It was really amazing to see this travel document for George Wise and Charles Richards travelling aboard the Orontes in November 1915. No doubt George Wise had been to London to see his daughter, Irene Borthwick, but also his son Kelly Wise who would have been serving in the First World War, probably just returned to London from Gallipoli and before his service at the Western Front in France. I would have thought that travelling was quite perilous, especially with the advances in German submarines during World War I and their raiding parties off the coast of England are legendary. However, perhaps for George Wise, life carried on during war time, much the same as it did in peacetime. George Wise was retired from his active role in the Wellington Stores, he was wealthy beyond his dreams, and I suppose if he wanted to travel he could and obviously he did!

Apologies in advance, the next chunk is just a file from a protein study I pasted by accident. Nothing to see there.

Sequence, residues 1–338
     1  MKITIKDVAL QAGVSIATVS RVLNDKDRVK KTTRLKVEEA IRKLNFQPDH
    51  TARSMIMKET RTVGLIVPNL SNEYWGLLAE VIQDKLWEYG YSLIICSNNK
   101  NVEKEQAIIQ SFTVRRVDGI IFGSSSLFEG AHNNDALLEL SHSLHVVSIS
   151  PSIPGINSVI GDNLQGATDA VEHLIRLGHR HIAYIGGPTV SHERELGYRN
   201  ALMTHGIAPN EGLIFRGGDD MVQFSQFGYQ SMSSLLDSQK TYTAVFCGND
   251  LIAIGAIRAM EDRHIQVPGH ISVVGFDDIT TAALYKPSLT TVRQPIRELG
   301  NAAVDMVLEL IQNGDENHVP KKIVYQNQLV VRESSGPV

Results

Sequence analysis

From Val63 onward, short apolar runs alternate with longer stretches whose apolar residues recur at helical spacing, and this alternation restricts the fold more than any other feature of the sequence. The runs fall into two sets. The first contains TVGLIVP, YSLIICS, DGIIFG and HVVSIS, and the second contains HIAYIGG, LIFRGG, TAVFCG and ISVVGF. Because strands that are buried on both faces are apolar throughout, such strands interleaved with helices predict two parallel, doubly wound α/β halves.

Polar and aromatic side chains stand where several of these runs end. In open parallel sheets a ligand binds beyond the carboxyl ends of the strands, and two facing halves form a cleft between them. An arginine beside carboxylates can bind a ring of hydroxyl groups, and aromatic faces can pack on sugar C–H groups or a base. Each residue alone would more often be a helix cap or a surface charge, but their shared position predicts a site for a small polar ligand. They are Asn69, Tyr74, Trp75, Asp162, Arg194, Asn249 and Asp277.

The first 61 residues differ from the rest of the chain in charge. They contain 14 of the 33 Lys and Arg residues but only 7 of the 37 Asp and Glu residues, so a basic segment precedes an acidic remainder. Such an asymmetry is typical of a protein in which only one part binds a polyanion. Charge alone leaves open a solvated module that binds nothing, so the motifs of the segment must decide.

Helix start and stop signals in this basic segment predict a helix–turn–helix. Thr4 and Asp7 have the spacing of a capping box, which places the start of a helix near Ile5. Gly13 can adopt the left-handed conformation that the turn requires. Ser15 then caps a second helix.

I often wondered if George ever returned to Cork in Ireland, did he look up his family there, or had they all migrated by that time? There were certainly some branches of the Wise family who remained behind in Cork, namely George Francis “Frank” Wise and his family.

R.M.S. Orontes, circa 1915, image courtesy of Wikipedia

R.M.S. Orontes, Thirty Three Years of Tireless Service, J.A. Wells

R.M.S. Orontes, Thirty Three Years of Tireless Service, J.A. Wells

Wellington Times, 15 April 1915

Dubbo Despatch, 25 February 1916

Wellington Times, 14 September 1916

New South Wales Government Gazette, 20 October 1916

Wellington Times, 14 December 1916

Wellington Times, 12 March 1917

Sydney Morning Herald, 1 May 1917

Sydney Morning Herald, 25 July 1917

Caribou Monument, Beaumont Hamel, France